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May
18
2020

Military To Civilian - The Right Company Culture

Posted 16 days ago ago by jhadmin



When I started planning for my transition from the Coast Guard a few years before my retirement, there was one thing I tried to do in addition to all the normal administration preparations. I researched companies. All sorts of companies, not just helicopter-specific companies:  Twitter, Amazon, Tesla, Facebook, Apple, Starbucks, Walmart. Air Methods, REACH, PHI. I read everything I could about them. I looked for companies with aviation departments and I researched companies who had good reputations hiring veterans. I wasn’t sure if I’d find a flying job, so I was also hedging my bets and looking into operations management opportunities.

I learned a lot during this search. There’s an amazing amount of information on the internet, but one theme continued to catch my attention:  the importance of a good company culture.

Company culture can be defined as “the combination of people, vision, and values that ultimately define the atmosphere in the workplace and shapes how much you enjoy coming to work.”

Pretty simple, right? The hard part, is figuring out what a company culture is before you walk in the door and whether or not that will work for you and your values. A friend, who was transitioning around the same time as I, got a job with a large nation-wide company. I had just read an article about how this company’s corporate culture had a reputation for being “gladiatorial.” I sent him the article and suggested he do more research. His answer was a common one, “I need to make money for my family; the pay is great. I’ll be fine.” I predicted he’d leave the job within a year. Sure enough, one year later, he left to find a less toxic place to work.

Here are a few tips for getting a sense of the corporate culture prior to actually getting hired:

When you start, it’s imperative to research the companies you are interested in. Look at their websites, including their social media sites. Read newsletters written by management, find out if they have a vision statement – and if employees actually know it! Glassdoor is also a good research tool. Employees post reviews similar to Yelp, which can give you an idea about the pros and cons of working there. Just be careful to read between the lines and throw out the oddball negative or positive comments that seem unrealistic.

Look through LinkedIn to find contacts who may work at your preferred companies or who on your contact list may know someone who does. Reach out to those individuals and ask if you can bend their ear about what they like and don’t like about working there.  During my search I was very surprised to find out how many contacts I had that knew people in aviation departments I was researching. I called all of them. And, to their credit, I was warned off of a few departments and told the culture was not very good and the turnover was high as a result. I was glad to have their honesty.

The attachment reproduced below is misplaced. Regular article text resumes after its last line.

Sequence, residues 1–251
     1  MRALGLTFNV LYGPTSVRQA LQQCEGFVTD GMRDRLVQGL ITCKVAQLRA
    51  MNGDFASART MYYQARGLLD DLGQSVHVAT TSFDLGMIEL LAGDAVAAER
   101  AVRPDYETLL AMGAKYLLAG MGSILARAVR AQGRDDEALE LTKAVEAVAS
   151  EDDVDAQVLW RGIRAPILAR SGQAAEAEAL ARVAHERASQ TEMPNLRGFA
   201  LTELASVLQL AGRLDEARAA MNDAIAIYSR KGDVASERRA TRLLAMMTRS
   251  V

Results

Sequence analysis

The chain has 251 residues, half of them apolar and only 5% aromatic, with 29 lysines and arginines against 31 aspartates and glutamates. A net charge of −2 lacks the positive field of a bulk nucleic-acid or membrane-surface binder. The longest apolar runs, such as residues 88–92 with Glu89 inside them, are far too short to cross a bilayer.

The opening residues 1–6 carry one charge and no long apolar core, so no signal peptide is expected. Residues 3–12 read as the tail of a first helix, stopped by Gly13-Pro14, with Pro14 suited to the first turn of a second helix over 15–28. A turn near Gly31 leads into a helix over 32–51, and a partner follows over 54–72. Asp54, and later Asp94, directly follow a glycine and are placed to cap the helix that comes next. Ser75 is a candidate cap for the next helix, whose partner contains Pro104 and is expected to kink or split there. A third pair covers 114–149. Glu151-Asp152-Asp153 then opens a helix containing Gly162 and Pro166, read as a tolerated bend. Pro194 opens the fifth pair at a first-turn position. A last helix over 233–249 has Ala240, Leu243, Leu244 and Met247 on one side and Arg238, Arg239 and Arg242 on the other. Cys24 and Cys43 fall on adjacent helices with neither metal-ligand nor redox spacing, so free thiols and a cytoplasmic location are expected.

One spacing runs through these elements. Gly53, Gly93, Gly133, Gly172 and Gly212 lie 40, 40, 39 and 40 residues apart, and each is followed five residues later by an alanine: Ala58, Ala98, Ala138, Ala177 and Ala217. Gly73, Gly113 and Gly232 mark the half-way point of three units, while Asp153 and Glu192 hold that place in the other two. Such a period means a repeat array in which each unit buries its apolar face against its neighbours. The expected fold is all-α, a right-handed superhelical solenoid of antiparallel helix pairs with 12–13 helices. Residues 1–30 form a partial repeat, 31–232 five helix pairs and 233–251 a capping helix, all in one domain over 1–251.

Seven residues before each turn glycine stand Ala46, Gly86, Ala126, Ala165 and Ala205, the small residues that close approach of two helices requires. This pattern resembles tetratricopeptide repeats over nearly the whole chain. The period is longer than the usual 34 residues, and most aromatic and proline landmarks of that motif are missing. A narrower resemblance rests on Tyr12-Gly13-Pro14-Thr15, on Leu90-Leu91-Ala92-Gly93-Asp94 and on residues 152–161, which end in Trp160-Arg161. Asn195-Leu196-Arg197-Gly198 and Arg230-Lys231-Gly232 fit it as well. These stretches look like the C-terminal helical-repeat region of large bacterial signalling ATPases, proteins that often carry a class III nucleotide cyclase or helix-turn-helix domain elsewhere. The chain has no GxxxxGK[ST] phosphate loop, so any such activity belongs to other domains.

Request a tour of the base or company office to gauge how friendly people are, and if they seem generally happy. In EMS, you can often get a base tour and perhaps even a ride along if you’re lucky. While you’re there, take a look around the facilities. Is it well kept and organized? Are there “niceties” available like exercise equipment, or decent lounges and kitchens?

Last but not least, prepare some questions for the recruiters and/or hiring managers. Ask them some questions about corporate values that may be important to you. Ask how the company rewards employees, or if there are any employee appreciation events or incentives. Ask how workplace complaints are addressed and if there is open communication between employees and managers. And importantly, ask about the training and safety programs and if the company has a Just Culture policy. 

Company culture is important because if you find a company that appeals to your values, you’ll be happier and more productive. Salary is critical, but given the amount of time we all spend at work, it’s essential to strike a balance between money and finding your best fit in a company.

About the author: Andrea Sacchetti retired from the US Coast Guard in 2016 after 20 years and is now a base lead pilot for REACH Air Medical services in Santa Rosa, California, flying the EC135. She regularly mentors transitioning military pilots and has been a speaker at a military-to-civilian transition seminar.













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